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It's about time that you were given a practical example of all this. The following shows how we can construct a circuit that is found in the heart of every processing chip - a circuit to perform binary addition. If you need an introduction to binary numbers and binary addition, click here.

## A half adder

The following diagram shows the basic addition of two binary digits (1 or 0). In fact, the addition is exactly what you would expect, except that when 1 is added to 1, the result (which is 2 in normal addition) addition is written as 10:

 0 0 1 1 + 0 + 1 + 0 + 1 0 1 1 0 1

The reason that I write the 1 produced when 1 is added to 1 under the line is that there may be another column of figures to the left of this column. In this case, the 1 that is produced will be a carry out that affects the figures in the next column. Here is the last part of that calculation again, this time as part of a larger calculation:

 0 1 1 + 1 0 1 1 0 0 0 1 1

A circuit that performs the addition of two binary digits like this is called a half adder (I'll explain why we say "half" in the next section). A half adder can only add two binary digits. If you wanted a long binary number added to another long binary number, you would use several circuits (termed "full" adders in this case), each of which handles one digit of each number, all connected end to end - see the next section.

In fact, the binary addition of two digits always produces two numbers - the sum of those digits and a carry out digits which is then added to the next column along, assuming there is one, or which just disappears into the void. Here is that first diagram again with both the sum digit and the carry out digits explicitly listed: First digit Second digit Sum digit Carry out 0 0 0 0 0 1 1 0 1 0 1 0 1 1 0 1

You will notice that the sum digit has exactly the same truthtable as an XOR gate and the carry digit has exactly the same truthtable as an AND gate. This means that the binary half adder circuit just consists of two gates: The small loop drawn just in front of the two gates shows two wires which cross without connecting, i.e. there is no connection between the Digit 1 input and the Digit 2 input.

## A full adder

So what's the difference between a binary half adder and a full adder, then? Well, a half adder doesn't take into account a crucial aspect of a column of two binary digits - there may be a carry in to the column, as well as a carry out!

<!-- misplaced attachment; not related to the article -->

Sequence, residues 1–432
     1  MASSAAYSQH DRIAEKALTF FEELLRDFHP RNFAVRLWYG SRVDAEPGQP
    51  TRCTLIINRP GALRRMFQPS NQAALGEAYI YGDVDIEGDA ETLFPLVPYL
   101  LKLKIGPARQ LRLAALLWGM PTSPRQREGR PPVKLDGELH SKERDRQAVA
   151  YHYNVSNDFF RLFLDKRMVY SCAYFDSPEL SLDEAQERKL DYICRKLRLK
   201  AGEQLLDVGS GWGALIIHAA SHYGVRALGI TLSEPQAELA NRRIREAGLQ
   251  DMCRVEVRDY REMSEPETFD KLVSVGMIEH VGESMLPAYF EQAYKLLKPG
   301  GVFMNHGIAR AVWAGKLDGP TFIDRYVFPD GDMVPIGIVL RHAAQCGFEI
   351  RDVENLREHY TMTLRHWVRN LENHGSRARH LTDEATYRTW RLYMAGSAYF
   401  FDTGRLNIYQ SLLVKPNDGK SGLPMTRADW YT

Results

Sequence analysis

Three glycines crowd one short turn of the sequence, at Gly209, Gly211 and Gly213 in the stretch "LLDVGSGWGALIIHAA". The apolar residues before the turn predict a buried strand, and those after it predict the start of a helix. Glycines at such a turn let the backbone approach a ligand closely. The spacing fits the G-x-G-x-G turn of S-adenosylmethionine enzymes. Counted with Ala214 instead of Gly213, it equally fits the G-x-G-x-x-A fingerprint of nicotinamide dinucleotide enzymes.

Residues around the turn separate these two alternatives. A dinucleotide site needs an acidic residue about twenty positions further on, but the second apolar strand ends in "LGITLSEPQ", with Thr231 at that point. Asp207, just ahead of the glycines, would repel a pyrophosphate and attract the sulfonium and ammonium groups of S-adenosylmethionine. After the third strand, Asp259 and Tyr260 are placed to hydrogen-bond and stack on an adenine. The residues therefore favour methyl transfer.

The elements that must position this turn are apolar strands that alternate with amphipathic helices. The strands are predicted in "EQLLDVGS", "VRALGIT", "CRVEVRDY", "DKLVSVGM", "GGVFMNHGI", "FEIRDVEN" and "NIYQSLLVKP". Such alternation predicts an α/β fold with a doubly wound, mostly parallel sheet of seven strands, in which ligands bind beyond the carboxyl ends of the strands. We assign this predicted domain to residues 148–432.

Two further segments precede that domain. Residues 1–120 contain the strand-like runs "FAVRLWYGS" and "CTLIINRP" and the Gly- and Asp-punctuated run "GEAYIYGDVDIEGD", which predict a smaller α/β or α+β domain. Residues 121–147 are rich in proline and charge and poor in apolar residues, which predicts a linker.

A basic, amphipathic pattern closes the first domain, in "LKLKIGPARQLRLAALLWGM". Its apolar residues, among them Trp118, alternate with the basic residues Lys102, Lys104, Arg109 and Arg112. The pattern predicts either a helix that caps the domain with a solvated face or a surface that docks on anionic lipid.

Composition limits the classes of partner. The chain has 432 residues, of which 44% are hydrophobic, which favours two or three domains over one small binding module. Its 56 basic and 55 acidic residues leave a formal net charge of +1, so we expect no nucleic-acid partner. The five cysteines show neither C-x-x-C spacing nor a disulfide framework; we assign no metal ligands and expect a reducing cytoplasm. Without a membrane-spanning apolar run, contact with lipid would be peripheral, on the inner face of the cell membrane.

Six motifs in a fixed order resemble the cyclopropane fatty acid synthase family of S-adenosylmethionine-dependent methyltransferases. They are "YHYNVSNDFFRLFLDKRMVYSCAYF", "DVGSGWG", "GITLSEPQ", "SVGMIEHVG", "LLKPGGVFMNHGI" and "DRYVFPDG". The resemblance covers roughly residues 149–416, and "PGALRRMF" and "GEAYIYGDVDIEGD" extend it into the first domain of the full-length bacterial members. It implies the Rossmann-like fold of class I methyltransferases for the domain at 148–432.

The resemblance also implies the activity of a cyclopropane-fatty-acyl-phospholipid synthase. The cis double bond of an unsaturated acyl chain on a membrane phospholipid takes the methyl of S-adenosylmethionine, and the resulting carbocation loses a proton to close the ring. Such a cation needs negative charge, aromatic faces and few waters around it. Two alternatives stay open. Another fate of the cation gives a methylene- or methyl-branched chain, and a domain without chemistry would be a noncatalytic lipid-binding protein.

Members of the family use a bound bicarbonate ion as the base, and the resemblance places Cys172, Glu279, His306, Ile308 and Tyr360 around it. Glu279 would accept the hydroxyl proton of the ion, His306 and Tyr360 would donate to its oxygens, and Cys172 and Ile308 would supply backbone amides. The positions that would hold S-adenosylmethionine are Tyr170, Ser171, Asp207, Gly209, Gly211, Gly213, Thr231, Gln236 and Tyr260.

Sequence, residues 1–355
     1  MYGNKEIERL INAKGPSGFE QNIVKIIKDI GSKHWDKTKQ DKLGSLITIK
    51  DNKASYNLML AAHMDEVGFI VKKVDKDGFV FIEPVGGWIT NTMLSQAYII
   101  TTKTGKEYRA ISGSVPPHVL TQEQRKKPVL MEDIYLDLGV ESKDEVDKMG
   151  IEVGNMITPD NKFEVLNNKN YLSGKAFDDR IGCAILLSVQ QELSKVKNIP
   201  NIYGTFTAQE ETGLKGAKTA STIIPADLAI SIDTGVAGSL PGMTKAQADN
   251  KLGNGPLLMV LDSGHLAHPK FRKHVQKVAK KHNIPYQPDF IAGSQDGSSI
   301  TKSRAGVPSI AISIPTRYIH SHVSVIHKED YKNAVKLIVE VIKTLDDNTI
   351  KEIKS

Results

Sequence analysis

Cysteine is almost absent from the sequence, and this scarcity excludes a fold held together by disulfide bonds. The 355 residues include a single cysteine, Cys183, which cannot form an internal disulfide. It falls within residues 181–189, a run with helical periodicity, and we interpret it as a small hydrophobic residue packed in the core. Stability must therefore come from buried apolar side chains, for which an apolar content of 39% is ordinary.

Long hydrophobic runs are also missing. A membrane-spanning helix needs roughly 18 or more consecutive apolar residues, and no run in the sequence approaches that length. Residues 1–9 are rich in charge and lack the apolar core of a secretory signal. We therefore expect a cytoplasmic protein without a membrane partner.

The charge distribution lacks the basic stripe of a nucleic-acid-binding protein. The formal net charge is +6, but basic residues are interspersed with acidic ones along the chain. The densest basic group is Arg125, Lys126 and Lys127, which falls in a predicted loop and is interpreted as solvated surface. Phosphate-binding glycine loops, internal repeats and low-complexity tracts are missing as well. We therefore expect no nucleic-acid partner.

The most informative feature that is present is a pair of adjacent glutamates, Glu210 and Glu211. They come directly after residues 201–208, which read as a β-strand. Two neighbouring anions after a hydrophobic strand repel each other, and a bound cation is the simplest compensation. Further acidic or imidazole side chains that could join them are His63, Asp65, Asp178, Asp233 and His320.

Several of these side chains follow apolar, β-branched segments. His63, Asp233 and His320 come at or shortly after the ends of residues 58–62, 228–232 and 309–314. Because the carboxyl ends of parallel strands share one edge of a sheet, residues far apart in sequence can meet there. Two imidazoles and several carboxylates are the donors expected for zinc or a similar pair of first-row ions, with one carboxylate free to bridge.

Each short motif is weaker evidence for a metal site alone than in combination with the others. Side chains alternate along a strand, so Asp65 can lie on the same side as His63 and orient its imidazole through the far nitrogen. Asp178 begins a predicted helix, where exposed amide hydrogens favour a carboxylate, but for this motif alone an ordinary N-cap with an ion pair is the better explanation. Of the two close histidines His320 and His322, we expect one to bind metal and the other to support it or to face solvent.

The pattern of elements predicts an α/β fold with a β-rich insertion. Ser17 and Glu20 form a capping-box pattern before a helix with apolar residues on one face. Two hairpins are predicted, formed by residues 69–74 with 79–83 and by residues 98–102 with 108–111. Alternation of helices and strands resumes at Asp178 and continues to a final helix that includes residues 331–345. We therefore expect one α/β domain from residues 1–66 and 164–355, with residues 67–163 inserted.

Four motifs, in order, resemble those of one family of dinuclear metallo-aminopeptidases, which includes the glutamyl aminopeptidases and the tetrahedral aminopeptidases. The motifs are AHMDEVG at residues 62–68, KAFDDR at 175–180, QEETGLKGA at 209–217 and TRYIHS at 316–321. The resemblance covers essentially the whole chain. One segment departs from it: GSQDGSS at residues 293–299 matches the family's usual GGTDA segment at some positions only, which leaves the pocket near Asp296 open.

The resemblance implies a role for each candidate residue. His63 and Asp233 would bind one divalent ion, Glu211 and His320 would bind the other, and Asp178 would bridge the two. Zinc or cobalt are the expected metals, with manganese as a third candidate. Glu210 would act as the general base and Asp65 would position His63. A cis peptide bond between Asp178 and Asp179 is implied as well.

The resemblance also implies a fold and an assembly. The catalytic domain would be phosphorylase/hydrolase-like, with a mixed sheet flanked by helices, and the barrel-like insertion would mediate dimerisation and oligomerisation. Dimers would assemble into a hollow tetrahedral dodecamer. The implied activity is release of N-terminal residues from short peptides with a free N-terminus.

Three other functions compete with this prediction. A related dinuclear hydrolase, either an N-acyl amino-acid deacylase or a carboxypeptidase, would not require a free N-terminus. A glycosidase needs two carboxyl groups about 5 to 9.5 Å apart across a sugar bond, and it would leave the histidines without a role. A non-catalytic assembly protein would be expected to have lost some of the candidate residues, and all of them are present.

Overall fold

Here is a column which has been extracted from the middle of the sum somewhere. You will notice that a there is a carry digit underneath the column itself, as well as one under the next column. Now, including the carry in, there are 8 possible combinations of inputs, and I have listed them all: Again, we just turn this into a truthtable. However, there are now three inputs, called Digit1, Digit2 and Carry In, and two outputs, called Sum Digit and Carry Out:

 Digit 1 Digit 2 Carry In Sum Digit Carry Out 0 0 0 0 0 0 0 1 1 0 0 1 0 1 0 0 1 1 0 1 1 0 0 1 0 1 0 1 0 1 1 1 0 0 1 1 1 1 1 1

The easiest way to turn this into a circuit is to imagine the table split into a top half and a bottom half. The top half of the table occurs when the Digit 1 input is 0. In this case, the Sum digit is equivalent to an XOR gate and the Carry Out digit is equivalent to an AND gate. The bottom half of the table occurs when the Digit 1 input is 1. In this case, the Sum digit is the opposite of the XOR (i.e. equivalent to an Exclusive OR with the output inverted) and the Carry Out digit is equivalent to an OR gate. This would give a circuit as follows:  Although there are really only three inputs to the circuit, we have written each of the inputs twice (once for the Sum Digit and once for the Carry Out). Don't be put off by this - just assume that both the lines marked "Digit 1" are connected to the same input, that both the lines marked "Digit 2" are connected to the same input and that both the lines marked "Carry In" are connected to the same input.

In practice, there's not a great deal that you can do with adding a single pair of digits. We duplicate the circuit that you see above several times (8 times, 16 times or 32 times - usually a power of 2) to form a proper binary adder: In this diagram each of the yellow rectangles represents one instance of the circuit that we developed above. It has two digit inputs and a Carry In input which is the Carry Out output from the previous column. Each Carry Out output is then connected to the Carry In input of the next column. The initial Carry In input is fed from a binary digit called the Carry Flag, which is usually set to 0 (The Carry Flag is used to perform multi-byte addition - see the section on Computer Architecture). The final Carry Out output is fed back into the Carry Flag for use later on.

In the example given in the diagram, the two numbers being added are 11010011 and 11101010. They produce an answer which is 10111101 with a final Carry Out. This is equivalent to adding the decimal numbers 211 and 234 and getting the answer 189. I realise that 211 + 234 is not 189, but this has happened because the answer has "overflowed" off the end of the adding unit, and the fact that a Carry Out was produced from the final calculation indicates that the real answer should be (256) + 189 = 445. Unfortunately, this adding device is an 8-bit device which cannot produce answers larger than 255, so it sets the Carry Flag at the end to indicate that there is a 256 missing from the answer.

Incidentally, the same circuit can be used to perform subtraction, except the number to be subtracted is inverted (all the bits are reversed, so 1 becomes 0 and vice-versa) and 1 is added to it.